Biofeedback therapy is a non-drug treatment in which patients learn to control bodily processes that are normally involuntary, such as muscle tension, blood pressure, or heart rate.

At Hearing & Health sensors are attached to your body to measure key body functions. Biofeedback is intended to help you learn more about how your body works. This information may help you to develop better control over certain body functions and address health concerns. You can change your health by being mindful of how your body responds to stressors and other stimuli.

Biofeedback can be beneficial for:

  • the professional athlete who desires greater intensity and focus or to reach the effective performing state
  • a coach who wants to maximise creative decision-making and effectiveness in the field
  • an athlete who needs help recovering from an sports injury or a serious health concern
  • a student who needs to boost attention and learning skills
  • anyone who competes and wants more emotional control or balance in his or her life as well as a healthier mind and body

Chronic stress can have dramatic effects on your body. This may include elevated blood pressure, increased body temperature, and disruption of brain function. By promoting a more effective mental and physical response to stress, biofeedback aims to help you control body processes like your heart rate and blood pressure.

Biofeedback has been shown to be helpful in treating a variety of medical conditions. Some people choose biofeedback over drugs because of the lack of side effects.  Below are a few conditions that may benefit from biofeedback.

Chronic pain

By helping you identify tight muscles and then learn to relax those muscles, biofeedback may help relieve the discomfort of conditions like low back pain, abdominal pain, temporomandibular joint disorders (TMJ), and fibromyalgia. For pain relief, biofeedback can benefit people of all ages, from children to older adults.


Headaches are one of the best-studied biofeedback uses. Muscle tension and stress can trigger migraines and other types of headaches, and can make headache symptoms worse. There is good evidence that biofeedback therapy can relax muscles and ease stress to reduce both the frequency and severity of headaches.


Anxiety relief is one of the most common uses of biofeedback. Biofeedback lets you become more aware of your body’s responses when you’re stressed and anxious. Then you can learn how to control those responses.

Urinary Incontinence 

Biofeedback therapy can help people who have trouble controlling the urge to use the bathroom. Biofeedback can help women find and strengthen the pelvic floor muscles that control bladder emptying. After several sessions of biofeedback, women with incontinence may be able to reduce their urgent need to urinate and the number of accidents they have. Biofeedback can also help children who wet the bed, as well as people with faecal incontinence (the inability to control bowel movements). Unlike drugs used to treat incontinence, biofeedback doesn’t tend to cause side effects.

High Blood Pressure 

Evidence on the use of biofeedback for high blood pressure has been mixed. Although the technique does seem to lower blood pressure slightly, biofeedback isn’t as effective as medication for blood pressure control.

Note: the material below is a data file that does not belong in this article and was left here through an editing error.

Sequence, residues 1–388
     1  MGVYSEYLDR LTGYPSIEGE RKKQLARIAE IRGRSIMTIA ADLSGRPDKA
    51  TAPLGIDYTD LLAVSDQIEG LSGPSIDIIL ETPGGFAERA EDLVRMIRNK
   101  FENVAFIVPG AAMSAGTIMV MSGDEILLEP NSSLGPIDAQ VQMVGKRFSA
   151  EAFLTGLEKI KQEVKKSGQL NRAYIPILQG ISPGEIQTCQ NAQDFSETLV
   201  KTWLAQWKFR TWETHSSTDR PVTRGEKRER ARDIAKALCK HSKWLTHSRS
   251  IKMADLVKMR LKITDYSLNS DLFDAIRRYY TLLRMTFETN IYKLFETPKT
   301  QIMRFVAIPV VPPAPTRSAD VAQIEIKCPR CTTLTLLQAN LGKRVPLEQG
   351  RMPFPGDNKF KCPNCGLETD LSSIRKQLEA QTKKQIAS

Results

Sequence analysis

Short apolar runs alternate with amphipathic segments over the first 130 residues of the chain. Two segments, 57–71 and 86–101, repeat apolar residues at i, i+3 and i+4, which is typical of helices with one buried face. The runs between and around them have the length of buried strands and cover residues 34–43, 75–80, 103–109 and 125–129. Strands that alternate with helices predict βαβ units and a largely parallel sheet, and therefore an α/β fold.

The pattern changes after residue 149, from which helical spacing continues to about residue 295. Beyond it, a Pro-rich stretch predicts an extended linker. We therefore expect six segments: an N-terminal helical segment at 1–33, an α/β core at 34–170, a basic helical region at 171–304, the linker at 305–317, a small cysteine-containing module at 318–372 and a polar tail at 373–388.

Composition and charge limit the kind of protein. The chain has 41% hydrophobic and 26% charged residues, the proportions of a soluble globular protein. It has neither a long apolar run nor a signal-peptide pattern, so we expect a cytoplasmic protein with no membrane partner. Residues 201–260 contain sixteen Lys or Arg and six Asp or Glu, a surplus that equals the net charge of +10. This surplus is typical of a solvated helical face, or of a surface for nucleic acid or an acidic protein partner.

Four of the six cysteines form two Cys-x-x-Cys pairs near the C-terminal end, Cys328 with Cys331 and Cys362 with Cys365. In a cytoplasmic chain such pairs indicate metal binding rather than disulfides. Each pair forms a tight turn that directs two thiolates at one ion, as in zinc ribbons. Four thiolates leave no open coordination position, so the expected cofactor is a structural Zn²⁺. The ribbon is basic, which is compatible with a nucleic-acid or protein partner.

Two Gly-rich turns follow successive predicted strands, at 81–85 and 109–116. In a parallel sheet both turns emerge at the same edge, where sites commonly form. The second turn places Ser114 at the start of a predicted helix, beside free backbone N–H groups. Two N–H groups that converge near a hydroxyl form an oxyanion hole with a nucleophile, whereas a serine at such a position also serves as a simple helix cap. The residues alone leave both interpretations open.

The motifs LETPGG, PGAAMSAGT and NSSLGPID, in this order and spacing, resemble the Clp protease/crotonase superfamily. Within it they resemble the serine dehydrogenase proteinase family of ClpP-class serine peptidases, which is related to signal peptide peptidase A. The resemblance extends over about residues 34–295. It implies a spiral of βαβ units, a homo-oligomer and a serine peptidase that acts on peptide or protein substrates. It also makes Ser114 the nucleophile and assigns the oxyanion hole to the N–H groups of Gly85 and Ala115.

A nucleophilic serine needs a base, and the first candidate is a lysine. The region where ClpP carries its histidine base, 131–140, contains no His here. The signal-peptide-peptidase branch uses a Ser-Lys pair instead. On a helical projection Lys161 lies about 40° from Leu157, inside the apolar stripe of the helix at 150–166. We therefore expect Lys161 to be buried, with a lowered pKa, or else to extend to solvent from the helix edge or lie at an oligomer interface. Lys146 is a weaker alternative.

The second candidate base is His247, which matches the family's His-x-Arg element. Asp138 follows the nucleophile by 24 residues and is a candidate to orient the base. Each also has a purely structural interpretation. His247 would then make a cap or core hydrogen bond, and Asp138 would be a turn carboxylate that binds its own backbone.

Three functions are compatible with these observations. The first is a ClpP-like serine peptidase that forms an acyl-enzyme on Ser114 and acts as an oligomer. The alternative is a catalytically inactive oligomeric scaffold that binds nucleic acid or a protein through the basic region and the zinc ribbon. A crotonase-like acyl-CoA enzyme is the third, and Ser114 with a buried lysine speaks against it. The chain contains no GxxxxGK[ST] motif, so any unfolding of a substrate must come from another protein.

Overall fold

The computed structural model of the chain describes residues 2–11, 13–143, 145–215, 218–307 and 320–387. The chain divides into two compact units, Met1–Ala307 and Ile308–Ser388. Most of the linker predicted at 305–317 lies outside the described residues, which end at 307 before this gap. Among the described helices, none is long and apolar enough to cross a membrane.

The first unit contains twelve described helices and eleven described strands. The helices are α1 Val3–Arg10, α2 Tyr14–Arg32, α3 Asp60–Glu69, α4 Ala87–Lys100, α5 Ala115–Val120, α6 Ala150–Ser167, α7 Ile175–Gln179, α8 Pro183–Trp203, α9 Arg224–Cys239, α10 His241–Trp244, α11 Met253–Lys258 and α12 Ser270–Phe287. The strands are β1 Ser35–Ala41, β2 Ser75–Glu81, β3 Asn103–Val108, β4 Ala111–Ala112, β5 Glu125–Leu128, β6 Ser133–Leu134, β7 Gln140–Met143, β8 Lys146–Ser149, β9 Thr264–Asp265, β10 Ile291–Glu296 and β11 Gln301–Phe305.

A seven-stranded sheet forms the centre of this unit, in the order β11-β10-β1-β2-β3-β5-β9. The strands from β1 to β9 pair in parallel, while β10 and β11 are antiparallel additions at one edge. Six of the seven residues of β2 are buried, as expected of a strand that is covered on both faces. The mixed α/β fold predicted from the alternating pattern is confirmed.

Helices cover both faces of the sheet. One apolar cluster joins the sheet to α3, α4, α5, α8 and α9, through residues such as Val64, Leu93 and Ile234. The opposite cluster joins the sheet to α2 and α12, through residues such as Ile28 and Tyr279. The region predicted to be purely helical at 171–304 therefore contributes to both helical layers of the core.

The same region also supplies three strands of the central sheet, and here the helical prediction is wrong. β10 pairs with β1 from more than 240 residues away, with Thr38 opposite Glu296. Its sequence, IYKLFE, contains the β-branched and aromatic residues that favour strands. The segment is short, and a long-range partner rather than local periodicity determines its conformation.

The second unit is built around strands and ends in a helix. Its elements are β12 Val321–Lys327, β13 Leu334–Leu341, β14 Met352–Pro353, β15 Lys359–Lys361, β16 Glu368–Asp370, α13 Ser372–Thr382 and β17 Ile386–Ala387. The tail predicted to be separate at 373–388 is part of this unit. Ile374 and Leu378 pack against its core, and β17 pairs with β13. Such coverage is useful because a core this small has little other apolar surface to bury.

Other biofeedback uses include:

  • Attention deficit hyperactivity disorder (ADHD)
  • Chronic obstructive pulmonary disease (COPD)
  • High blood pressure
  • Anxiety
  • Asthma
  • Autism
  • Back pain
  • Chronic pain
  • Constipation
  • Depression
  • Diabetes
  • Epilepsy and related seizure disorders
  • Headaches and migraines
  • Head injuries
  • Insomnia
  • Learning disabilities

  • Motion sickness

  • Muscle spasms

  • Spinal cord injuries

Some people prefer biofeedback as a form of treatment for these conditions because it’s non-invasive and doesn’t rely on medications. Other people pair biofeedback with more traditional treatment options to improve overall wellness.

Types of Biofeedback

The three most common methods of biofeedback include:

  • electromyography (EMG) biofeedback: measures muscle tension as it changes
  • thermal or temperature biofeedback: measures body temperature changes
  • electroencephalography: measures brain wave activity

Other types of biofeedback include:

  • galvanic skin response: measures the amount of sweat your body excretes when stressed
  • heart rate variability: measures your pulse and the difference between your heart beats, which will give an indication of your overall health

Electrical sensors that connect to a monitor will be connected to your body. The sensors measure one or more signs of stress. This can include heart rate, muscle tension, or body temperature. The measurements provide feedback about how your body responds to different stimuli.

A biofeedback therapist can teach you how to lower your heart rate through breathing exercises, relaxation techniques, and mental exercises. You can measure the results of these techniques and exercises on the monitor. This encourages more positive reactions and relaxation.

A typical biofeedback session lasts between 30 and 60 minutes. The number of sessions needed to resolve an issue will vary depending on a number of factors, including how quickly you learn to control your physical responses.

Biofeedback Side Effects & Risks

Biofeedback is considered safe. No negative side effects have been reported.



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